PAGES: 1054-1056 DOI: 10.1590/S0074-02762010000800017 Short communication
Paleoparasitologic, paleogenetic and paleobotanic analysis of XVIII century coprolites from the church La Concepción in Santa Cruz de Tenerife, Canary Islands, Spain

Herminia Gijón BotellaI; José A Afonso VargasII; Matilde Arnay de la RosaII; Daniela LelesIII, IV; Emilio González ReimersV; Ana Carolina P VicenteIII; Alena M IñiguezIII, +

IDepartamento de Parasitología, Facultad de Farmacia, Universidad de Granada, Granada, España
IIDepartamento de Geografía y Historia, Universidad de La Laguna, La Laguna, Tenerife, España
IIILaboratório de Genética Molecular de Microorganismos, Instituto Oswaldo Cruz-Fiocruz, Av. Brasil 4365, 21045-900 - Rio de Janeiro, RJ, Brasil
IVEscola Nacional de Saúde Pública-Fiocruz, Rio de Janeiro, RJ, Brasil
VHospital Universitário de Canárias, La Laguna, Tenerife, España


We present the results of a paleoparasitologic, paleogenetic and paleobotanic analysis of coprolites recovered during the excavation of the church La Concepción in Santa Cruz de Tenerife. Coprolites (n = 4) were rehydrated and a multidisciplinary analysis was conducted. The paleobotanic analysis showed numerous silicates, seeds and fruits of the family Moraceae. In the paleoparasitologic study, Ascaris sp. eggs (n = 344) were identified. The paleogenetic results confirmed the Ascaris sp. infection as well as the European origin of human remains. These findings contribute to our knowledge of ancient helminthes infections and are the first paleoparasitological record of Ascaris sp. infection in Spain.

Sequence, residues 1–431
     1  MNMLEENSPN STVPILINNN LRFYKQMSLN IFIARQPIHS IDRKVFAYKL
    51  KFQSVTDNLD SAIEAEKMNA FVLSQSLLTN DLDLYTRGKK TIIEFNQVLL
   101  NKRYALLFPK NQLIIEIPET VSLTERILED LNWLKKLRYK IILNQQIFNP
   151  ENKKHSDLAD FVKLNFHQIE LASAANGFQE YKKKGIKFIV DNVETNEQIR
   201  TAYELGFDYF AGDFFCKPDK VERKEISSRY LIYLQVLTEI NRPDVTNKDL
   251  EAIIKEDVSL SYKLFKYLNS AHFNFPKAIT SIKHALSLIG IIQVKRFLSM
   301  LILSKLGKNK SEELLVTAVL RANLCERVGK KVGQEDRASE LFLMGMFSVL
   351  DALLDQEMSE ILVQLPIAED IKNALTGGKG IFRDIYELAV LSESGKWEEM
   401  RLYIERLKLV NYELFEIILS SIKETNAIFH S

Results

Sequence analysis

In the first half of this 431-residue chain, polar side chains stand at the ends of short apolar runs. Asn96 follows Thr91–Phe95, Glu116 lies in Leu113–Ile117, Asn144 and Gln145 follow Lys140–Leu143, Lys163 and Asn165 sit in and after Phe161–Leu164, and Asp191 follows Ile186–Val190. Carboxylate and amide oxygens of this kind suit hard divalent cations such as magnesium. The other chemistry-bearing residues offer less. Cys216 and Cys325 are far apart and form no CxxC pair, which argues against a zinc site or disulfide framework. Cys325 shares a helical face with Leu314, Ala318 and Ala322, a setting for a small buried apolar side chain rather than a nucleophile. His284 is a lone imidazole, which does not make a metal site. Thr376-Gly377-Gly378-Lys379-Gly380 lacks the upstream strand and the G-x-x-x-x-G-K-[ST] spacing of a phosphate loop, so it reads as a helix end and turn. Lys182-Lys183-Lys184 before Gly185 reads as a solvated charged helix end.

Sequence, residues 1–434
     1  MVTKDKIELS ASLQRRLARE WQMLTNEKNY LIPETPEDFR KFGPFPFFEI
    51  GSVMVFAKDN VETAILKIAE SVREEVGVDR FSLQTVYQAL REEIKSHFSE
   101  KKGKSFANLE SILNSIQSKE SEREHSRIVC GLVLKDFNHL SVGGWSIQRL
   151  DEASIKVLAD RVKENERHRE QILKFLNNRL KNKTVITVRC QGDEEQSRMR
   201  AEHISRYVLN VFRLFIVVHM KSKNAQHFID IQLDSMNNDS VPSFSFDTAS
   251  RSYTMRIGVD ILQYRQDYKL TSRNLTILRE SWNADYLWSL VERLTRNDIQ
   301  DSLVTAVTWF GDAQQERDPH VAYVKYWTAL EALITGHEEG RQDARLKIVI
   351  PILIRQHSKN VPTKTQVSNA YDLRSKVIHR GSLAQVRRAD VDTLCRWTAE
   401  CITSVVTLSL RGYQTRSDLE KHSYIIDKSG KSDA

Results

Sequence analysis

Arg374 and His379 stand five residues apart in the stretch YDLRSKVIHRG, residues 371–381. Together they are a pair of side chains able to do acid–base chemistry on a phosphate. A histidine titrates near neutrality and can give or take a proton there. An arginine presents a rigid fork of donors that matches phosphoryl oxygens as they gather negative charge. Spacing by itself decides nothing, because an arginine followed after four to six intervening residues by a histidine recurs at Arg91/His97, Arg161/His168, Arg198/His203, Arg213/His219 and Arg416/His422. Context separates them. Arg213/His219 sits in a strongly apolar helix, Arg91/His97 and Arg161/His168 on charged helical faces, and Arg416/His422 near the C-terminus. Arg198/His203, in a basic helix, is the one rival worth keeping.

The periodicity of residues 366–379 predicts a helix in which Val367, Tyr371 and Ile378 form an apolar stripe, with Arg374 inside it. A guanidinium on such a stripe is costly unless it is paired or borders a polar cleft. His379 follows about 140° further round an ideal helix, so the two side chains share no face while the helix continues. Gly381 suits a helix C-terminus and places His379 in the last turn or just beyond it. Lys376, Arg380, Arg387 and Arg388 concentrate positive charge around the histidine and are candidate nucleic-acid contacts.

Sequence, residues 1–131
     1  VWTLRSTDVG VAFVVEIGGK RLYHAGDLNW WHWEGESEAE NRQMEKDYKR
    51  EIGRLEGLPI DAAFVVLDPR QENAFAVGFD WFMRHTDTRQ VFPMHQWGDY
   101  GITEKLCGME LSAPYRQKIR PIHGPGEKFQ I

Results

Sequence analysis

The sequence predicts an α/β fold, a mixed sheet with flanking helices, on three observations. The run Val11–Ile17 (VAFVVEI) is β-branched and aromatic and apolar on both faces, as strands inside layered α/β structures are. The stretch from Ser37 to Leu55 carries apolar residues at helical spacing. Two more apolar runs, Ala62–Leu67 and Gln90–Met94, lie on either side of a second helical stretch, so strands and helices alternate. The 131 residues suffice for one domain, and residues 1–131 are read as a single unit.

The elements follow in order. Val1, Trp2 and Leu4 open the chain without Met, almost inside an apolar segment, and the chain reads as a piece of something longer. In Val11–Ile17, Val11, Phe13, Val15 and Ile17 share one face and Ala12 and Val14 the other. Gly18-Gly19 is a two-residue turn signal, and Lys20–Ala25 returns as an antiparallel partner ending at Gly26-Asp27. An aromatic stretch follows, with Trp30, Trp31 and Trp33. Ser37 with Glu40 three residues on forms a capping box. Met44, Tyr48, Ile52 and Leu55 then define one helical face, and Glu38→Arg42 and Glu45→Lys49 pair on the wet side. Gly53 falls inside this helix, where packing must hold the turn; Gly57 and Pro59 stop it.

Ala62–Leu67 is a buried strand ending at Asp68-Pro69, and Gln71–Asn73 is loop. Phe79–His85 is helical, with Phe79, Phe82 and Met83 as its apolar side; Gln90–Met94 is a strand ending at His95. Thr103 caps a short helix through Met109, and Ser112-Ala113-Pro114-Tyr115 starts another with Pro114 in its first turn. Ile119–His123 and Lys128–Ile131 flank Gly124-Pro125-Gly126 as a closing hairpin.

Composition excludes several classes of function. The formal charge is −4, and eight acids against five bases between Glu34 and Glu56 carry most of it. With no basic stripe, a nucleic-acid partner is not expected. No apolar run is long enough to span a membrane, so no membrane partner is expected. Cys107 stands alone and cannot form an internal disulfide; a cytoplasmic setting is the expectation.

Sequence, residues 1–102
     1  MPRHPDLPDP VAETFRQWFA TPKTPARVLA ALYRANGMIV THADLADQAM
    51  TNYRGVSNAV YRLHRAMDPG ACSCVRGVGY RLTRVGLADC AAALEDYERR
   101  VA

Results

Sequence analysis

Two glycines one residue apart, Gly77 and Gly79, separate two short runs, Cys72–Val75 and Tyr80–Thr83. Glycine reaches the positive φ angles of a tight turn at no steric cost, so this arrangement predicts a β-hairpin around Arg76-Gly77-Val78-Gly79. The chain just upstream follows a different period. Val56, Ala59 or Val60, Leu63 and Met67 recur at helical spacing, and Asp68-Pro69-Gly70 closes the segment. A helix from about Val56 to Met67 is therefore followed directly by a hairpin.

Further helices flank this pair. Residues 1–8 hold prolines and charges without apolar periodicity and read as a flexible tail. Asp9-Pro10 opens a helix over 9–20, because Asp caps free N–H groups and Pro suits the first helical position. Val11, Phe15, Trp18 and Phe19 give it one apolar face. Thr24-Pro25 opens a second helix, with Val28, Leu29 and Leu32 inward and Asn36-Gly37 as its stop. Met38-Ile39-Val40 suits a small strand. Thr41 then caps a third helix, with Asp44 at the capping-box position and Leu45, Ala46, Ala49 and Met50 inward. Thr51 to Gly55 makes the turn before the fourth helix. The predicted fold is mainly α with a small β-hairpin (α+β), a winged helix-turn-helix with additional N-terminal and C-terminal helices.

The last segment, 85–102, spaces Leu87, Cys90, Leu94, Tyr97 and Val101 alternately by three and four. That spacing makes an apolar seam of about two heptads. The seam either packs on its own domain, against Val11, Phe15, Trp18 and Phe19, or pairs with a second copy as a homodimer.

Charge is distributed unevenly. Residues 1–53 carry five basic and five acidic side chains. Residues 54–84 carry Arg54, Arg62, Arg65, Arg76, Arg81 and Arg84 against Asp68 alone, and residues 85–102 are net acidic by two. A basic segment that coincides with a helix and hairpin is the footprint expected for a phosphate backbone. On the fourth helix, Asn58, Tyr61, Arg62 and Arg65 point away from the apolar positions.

La Concepción was the major church of the ancient village of Santa Cruz de Tenerife in the centuries following the Spanish conquest. The church was not only the most important in the region, but also served as the community's cemetery. Following the Catholic liturgy, the dead were buried in the church foundation, a practice which began in the XVI century and persisted until the end of the XVIII century. The location of La Concepción near the seashore led to the relatively poor preservation of skeletal remains, but some archaeological studies have been possible (Gámez-Mendoza 2004, Arnay-de-la-Rosa et al. 2009). During the excavation, both bones and coprolites were recovered, which allowed us to conduct a multidisciplinary analysis.